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December 21, 2018  ·  4 min read

Avoiding Burnout

As talked about recently in this thread, I've been experiencing major burnout over the last few weeks. This is a combination of stress from the day job coupled with wanting to push things out faster then I could on side projects. Because of this my productivity has went from an all time high to near nothing. So, I decided to take some time to reflect and also talk about how I plan to avoid this happening again.

How this happened

I would like to first point out that no one else caused this to happen, this stretch of burnout is totally on me. I wanted to push myself hard to stay productive everyday, which was fine at first, then eventually turned into being unhealthy. Most days I worked my 9-5 where I was fully engaged in my work and not taking any breaks. I did this so that when I got home I had nothing to worry about and could focus on my side projects. This was my first huge mistake, because of this my work suffered and I wasn't taking the necessary time I needed to push out quality code. This meant that more stress was added on because I then had to correct that code once bugs were found. Once I got home from work I ate something as I was getting aquainted with what happend on twitter throughout the day and jumped right into banging away on my keyboard on whatever I was working on that night. This went on from around 6:00pm to the wee hours of the morning. Sounds good right? I was hustling, getting stuff done, shipping, everything a maker wants to do on the side. But if you noticed throughout that entire day I never took anytime for myself. To add to this my weekends consisted of waking up at 7:30 like normal and working until I fell asleep that night. I literally didn't do anything else but build stuff. Because of all of this accumulated, I totally burnt out.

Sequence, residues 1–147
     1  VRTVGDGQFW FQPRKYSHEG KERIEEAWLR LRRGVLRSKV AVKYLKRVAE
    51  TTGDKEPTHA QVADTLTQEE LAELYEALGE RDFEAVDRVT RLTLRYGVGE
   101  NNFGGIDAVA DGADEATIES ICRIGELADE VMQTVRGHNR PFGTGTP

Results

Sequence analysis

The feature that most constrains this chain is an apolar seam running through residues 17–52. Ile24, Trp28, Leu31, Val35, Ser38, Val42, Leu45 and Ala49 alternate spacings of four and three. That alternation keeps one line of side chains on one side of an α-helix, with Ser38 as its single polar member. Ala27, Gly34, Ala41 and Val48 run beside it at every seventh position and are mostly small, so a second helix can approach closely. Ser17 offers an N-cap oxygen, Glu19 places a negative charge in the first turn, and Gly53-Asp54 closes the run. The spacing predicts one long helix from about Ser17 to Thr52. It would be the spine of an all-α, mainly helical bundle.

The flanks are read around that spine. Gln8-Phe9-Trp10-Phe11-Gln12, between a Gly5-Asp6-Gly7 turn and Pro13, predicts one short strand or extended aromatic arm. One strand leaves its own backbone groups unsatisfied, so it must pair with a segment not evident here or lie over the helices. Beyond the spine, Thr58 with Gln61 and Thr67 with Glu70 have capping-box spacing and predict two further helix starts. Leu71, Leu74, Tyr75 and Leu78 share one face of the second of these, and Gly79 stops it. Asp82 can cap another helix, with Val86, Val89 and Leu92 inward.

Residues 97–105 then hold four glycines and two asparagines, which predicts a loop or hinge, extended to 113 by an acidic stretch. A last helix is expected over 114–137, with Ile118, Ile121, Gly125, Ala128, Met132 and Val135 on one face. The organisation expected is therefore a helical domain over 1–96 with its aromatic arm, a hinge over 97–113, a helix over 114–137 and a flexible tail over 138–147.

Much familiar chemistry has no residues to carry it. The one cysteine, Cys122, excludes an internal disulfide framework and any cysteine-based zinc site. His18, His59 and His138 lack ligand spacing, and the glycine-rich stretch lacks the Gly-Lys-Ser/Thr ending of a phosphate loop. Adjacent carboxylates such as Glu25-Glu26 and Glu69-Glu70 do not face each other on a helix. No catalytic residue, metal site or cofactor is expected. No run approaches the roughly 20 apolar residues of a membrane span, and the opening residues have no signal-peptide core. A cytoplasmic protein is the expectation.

How I plan on avoiding burnout

Making for me is a hobby right now. I make very little monetary wise from it, I use it as a way to build stuff I want and to connect with other poeple building cool things. While making still remains a hobby I need to treat it as such. The highlight of that is that I do it when I can, and I do it because I want to. Before I felt the pressure to really ship, this was all self-induced. I wanted to be the person you see thats shipping something new every week. The thing I didn't realize is most of those people are making full-time or have very little other responsibilties to deal with. So with that being said I need to make sure I stay within my own scope as much as possible. I think building good habits and staying consistent are key to being a sucessful maker. But knowing when to take breaks and take some time off are just as important skills. Before I shipped something everyday for almost a month straight. In the future I plan to take a few days out of the week to work on stuff, and then other days to completely detach and take time for myself. In the past I found that approach to work better then taking a few hours each day to do relaxing and working. I want to be able to focus on one thing a day, my brain just works better that way. Another precautionary step I am going to take is planning out when I want things to get done. Before I didn't sleep until whatever task was done, and that's not the correct way to do it at all. Giving myself generous deadlines on when things need to be done and not stressing if I don't hit those on the head will be great for my mental health.

In Conclusion...

I appreciate all the support that was given to me when expressing that I was really burnt out. Knowing I have people that value mental health like that in the maker community is amazing. For the rest of the year I'm going to take it slow and get a full plan in place to start shipping again in the New Year. I'm excited to do some awesome new things next year at a pace that is sustainable for me!

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